15 Minutes
Directed by John Herzfeld

Before you eventually give up on 15 Minutes, Robert De Niro has several moments that forestall condemnation. As New York homicide detective Eddie Flemming, De Niro juggles several stress points: his local celebrity conferred by a tv anchorman (Kelsey Grammer), an unsolved killing spree by a psychopathic duo (Karel Roden and Oleg Taktarov), a tv-reporter fiancee (Melina Kanakaredes) and tagalong young arson investigator Jordy Warsaw (Edward Burns). For each of them, De Niro?in the midst of Eddie's quest?pauses for eye contact and fellow-feeling. He's frequently astounding?especially his tearful regret when Eddie's marriage proposal is interrupted, and the working man's commiseration mixed with fatherly impatience when Eddie covers for Jordy to his boss. The surprise is seeing how much palpable humanity this wonderful actor brings even to a movie this garbagey. He ought to know better.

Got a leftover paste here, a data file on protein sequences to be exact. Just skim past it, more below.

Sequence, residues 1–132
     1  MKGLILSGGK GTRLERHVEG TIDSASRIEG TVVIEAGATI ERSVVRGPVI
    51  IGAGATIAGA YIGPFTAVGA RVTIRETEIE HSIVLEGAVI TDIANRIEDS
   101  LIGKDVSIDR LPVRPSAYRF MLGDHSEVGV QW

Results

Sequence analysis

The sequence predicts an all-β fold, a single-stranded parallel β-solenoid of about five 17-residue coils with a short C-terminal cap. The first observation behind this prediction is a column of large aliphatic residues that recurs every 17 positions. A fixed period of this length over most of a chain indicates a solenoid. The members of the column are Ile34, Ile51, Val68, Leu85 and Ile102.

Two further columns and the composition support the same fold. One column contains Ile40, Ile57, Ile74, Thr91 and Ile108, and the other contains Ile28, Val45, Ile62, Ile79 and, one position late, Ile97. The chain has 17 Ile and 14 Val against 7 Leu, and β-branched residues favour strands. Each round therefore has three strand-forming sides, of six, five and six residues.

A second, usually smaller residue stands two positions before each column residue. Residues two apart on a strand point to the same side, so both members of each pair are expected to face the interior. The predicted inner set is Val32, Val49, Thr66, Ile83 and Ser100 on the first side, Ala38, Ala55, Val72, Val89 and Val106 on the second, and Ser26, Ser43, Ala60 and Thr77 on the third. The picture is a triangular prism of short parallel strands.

De Niro has long exceeded the kind of specious, working-class ordinariness that passes for realism on tv cop shows like Homicide and NYPD Blue. Never lachrymose or truculent, De Niro finds the heart of characters that enables you to read their basic impulses and essential nature even while replicating routine social behavior. (His underrated performance in Joel Schumacher's Flawless preempted amazement from Philip Seymour Hoffman's poignant drag act.) Eddie Flemming is a fantasy creation, but his feelings are more deeply recognizable than the high-profile arrogance and glamorized bigotry by which lesser actors pretend truth. All this is why 15 Minutes' most offensive scene is the one that denigrates De Niro's gift and the audience's natural, heartfelt response to him. Facing off against the crazed killers, Eddie looks directly at one with disgust and incredulity. Their bloody spitting match feels shockingly right (on Eddie's part, its almost heroic) but it's followed by a fight in which De Niro, tied to a chair, attempts to literally sit the villain to death. How did this great actor get involved in something so ludicrous, so laughable! Immediately writer-director John Herzfeld cranks the gears and Eddie gets defeated. The villain guts him?and the movie, too.